- Fintech Friday
- The IPO Era is Over. Hello Private Sales.
The IPO Era is Over. Hello Private Sales.
It’s payday, baby! Your go-to source for all things Fintech is here with exciting updates. Let’s dive in.
🍿 Quick Snack
🤑 Stripe aims to go public or allow employees to sell shares in the next 12 months.
💳 Find out how Marqeta is revolutionizing the credit card industry with its latest acquisition.
🖥️ Discover the impact of APIs on the fintech industry and how they are changing the future of financial services
💸 7 new funding rounds, including $400m raised by MNT-Halan.
🍔 The Full Meal
Stripe Sets One-Year Timetable for Public Debut
The Wall Street Journal reported this week that Stripe executives have set a goal to either go public or allow employees to sell shares in a private-market transaction within the next 12 months.
The company has hired Goldman Sachs and JPMorgan Chase to advise on both options.
Background: Interest rates, inflation, and fears of a recession have led to a selloff in tech stocks, especially newly public companies, causing many startups to shelve their plans to go public. Other companies that postponed their IPOs last year include Snapdeal, Ebanx, Droom, Instacart, and Klarna.
This has resulted in many private companies facing pressure to give employees a chance to sell their shares. For example, Brex implemented a $250m liquidity program last year, and SpaceX also offered its employees the opportunity to sell their shares at $77 apiece.
Some believe that a Stripe listing could help revive the dormant IPO market. If this happens, the company would likely pursue a direct listing rather than a traditional IPO.
Things are not looking good, though. Recently, Stripe cut its internal share price to $25, giving the company an implied valuation of $63 billion. Stripe’s last valuation was $95 billion in March 2021. Yikes.
Stripe has also recently raised $2 billion of cold hard cash to cover an annual tax bill related to employee stock units. That is some interesting use of cash 👀.
Marqeta Acquires Power Finance for $275 Million
This is Marqeta’s first acquisition. The purchase price consists of $223 million in cash, with one-third being payable over two years, subject to undisclosed conditions.
A bonus of $52 million in cash will also be awarded, subject to an unknown milestone expected to be achieved within the next 12 months. Let’s go! 💰💰💰
Power Finance’s main product is a credit card issuance program designed for companies, brands, and banks to offer embeddable fintech experiences into existing mobile and web applications.
Power Finance’s platform caters to companies that have never offered a credit card program. It provides an all-in-one experience with templates to help its clients launch easier and quicker. The company also helps customers navigate best practices for card design, packaging, unboxing, marketing, loyalty, rewards, and servicing the card.
Through this acquisition, Marqeta aims to expand and accelerate the capabilities offered in its credit products aided by Power Finance’s toolbox.
Harnessing the Power of APIs to Transform Fintech
You’ve probably heard the word “API” a thousand times. They have been responsible for the growth and expansion of fintech companies, enabling them to offer innovative and personalized services to consumers, improve efficiency, and reduce costs.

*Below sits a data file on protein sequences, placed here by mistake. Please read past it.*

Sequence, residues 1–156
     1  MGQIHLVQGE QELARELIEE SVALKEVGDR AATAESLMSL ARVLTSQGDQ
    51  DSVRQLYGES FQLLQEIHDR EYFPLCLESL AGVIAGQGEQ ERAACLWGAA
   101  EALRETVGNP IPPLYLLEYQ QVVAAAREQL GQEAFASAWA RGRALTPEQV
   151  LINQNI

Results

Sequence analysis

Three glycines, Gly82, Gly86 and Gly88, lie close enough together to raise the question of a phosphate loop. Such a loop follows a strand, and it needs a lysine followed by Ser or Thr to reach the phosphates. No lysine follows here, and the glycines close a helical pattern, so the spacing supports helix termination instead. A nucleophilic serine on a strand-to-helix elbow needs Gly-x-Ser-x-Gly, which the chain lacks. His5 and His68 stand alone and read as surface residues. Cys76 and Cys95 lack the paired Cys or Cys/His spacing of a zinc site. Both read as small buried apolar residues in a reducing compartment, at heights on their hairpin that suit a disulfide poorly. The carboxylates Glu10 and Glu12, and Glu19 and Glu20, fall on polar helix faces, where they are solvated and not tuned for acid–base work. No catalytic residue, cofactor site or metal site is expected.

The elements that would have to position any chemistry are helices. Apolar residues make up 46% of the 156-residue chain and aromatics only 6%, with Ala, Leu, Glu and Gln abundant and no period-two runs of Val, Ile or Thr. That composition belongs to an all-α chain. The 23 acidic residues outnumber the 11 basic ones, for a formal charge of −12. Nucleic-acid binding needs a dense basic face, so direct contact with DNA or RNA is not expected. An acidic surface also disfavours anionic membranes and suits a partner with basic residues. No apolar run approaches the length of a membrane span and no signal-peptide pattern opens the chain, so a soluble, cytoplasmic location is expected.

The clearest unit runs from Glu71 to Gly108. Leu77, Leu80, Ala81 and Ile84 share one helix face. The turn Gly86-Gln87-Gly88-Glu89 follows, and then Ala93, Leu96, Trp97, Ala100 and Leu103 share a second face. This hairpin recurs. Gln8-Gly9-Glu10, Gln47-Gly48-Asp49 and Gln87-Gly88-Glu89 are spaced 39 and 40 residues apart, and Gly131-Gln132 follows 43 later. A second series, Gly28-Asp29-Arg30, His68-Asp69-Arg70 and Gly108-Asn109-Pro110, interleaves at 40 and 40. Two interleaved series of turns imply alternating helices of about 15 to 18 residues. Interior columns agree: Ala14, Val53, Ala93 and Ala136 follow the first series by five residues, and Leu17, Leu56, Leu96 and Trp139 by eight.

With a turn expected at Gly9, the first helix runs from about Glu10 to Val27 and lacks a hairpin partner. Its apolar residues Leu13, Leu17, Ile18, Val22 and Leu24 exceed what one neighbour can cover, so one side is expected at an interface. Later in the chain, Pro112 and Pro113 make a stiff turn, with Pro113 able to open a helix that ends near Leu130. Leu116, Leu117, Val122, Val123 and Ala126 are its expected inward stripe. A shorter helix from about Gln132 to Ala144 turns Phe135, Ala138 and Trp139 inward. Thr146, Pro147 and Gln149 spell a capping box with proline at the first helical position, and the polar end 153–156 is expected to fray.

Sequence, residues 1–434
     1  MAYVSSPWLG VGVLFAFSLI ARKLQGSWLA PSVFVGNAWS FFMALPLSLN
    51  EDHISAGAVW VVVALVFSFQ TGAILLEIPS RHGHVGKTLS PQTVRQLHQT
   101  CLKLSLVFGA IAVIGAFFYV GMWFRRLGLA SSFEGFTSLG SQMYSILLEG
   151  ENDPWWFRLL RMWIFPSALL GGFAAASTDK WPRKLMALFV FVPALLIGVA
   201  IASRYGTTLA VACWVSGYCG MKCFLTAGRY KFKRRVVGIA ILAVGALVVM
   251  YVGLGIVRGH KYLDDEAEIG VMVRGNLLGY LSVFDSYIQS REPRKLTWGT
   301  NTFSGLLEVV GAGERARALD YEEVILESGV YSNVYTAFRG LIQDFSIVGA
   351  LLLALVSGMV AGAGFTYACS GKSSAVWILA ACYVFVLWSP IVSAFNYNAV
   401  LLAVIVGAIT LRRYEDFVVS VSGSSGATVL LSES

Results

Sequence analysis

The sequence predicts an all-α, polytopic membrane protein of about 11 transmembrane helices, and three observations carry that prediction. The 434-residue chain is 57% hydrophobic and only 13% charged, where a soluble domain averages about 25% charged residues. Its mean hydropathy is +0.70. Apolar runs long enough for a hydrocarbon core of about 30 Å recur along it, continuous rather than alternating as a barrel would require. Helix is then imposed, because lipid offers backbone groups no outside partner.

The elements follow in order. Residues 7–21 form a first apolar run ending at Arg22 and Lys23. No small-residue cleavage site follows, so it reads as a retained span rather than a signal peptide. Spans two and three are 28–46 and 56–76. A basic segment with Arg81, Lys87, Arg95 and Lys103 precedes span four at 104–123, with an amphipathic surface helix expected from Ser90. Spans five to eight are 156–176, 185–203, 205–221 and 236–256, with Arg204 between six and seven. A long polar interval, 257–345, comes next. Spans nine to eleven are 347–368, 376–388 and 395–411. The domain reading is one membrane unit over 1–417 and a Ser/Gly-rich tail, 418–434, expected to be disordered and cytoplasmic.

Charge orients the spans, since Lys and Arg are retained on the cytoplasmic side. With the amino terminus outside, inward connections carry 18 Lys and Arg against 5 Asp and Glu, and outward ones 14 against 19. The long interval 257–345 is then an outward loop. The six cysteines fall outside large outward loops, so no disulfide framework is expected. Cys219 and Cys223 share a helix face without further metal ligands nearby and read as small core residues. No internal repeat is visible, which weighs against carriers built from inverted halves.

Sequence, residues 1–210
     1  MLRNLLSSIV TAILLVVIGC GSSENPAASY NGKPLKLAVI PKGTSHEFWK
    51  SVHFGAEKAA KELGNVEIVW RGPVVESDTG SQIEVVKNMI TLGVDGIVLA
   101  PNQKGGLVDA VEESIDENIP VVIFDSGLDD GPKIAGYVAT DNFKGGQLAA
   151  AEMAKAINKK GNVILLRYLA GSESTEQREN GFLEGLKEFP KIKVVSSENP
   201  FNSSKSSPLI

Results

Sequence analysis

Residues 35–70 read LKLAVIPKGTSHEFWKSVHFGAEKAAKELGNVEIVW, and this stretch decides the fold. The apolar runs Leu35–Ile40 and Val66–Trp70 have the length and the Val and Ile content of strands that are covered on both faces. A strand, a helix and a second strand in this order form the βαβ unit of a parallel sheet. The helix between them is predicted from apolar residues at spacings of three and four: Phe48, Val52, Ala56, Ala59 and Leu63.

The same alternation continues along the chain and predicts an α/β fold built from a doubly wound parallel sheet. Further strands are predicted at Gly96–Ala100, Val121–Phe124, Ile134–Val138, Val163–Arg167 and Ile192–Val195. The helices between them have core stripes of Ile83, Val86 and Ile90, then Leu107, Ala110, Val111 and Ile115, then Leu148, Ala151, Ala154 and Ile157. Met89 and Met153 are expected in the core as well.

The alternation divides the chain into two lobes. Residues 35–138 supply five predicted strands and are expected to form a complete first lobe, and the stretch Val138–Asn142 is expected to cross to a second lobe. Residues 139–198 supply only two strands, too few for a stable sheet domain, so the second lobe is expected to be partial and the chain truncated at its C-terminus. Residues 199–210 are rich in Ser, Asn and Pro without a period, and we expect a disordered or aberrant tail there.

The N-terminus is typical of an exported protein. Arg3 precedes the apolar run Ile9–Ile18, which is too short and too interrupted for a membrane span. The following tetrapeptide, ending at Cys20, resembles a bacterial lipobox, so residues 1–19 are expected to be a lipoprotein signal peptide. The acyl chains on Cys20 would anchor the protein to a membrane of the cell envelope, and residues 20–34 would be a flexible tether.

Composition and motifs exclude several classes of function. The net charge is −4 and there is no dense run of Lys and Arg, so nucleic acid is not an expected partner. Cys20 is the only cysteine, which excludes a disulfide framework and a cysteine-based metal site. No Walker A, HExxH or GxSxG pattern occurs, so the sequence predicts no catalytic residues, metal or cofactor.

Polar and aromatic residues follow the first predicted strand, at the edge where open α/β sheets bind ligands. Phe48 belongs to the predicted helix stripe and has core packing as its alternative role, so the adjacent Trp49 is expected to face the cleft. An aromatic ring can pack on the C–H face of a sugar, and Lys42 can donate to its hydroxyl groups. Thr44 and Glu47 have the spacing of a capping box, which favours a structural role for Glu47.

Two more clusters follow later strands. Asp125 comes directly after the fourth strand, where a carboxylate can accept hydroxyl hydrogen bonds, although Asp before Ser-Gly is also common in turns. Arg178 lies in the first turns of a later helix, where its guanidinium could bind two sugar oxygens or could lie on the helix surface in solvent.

But what is an API? APIs (Application Programming Interfaces) allow different systems to communicate with each other and exchange data. In other words, messenger, but for computers.
Web APIs have been around since 2000 but have become widely adopted in the financial services sector over the past few years.
Efficiency: APIs increase efficiency by reducing manual intervention and enabling the automation of various processes. As a result, APIs mitigate human errors, reduce costs, and allow faster data transmission (e.g., transactions), ultimately enabling young companies to compete against traditional financial institutions.
Innovation: APIs allow fintech firms to leverage vast amounts of financial data to create innovative financial products and services that provide heavily customized user experiences. The result? Startups have been able to compete effectively with traditional financial institutions with more appealing and cheaper products.
Competition: With the levels of accessibility APIs offer, barriers of entry have lowered, allowing for more products and services to be available for consumers. The rise of APIs has helped maintain costs low, which is a massive win for consumers but also has enabled traditional institutions to remain competitive against the ever-growing quantity of emerging fintechs.
Sample Use Cases
💸 Funding Rounds
MNT-Halan | $400m: digital bank with a diversified portfolio of services, including digital payment solutions: mobile wallets, and cards. (link)
Zopa Bank | $92m: digital bank offering fair and honest financial products. (link)
Moov | $45m Series B: a platform for developers looking to embed payment functionality into their software. (link)
Hawk AI | $17m Series B: helps financial institutions detect financial crime more effectively and efficiently using AI to enhance rules and find anomalies. (link)
Vartana | $12m Series A: sales closing & financing platform (link)
Bridge Money | $5.8m Seed: mobile money app that helps you earn supplemental income (link)
Upwardli | $2m: build credit & savings with just spare change from everyday purchases. (link)
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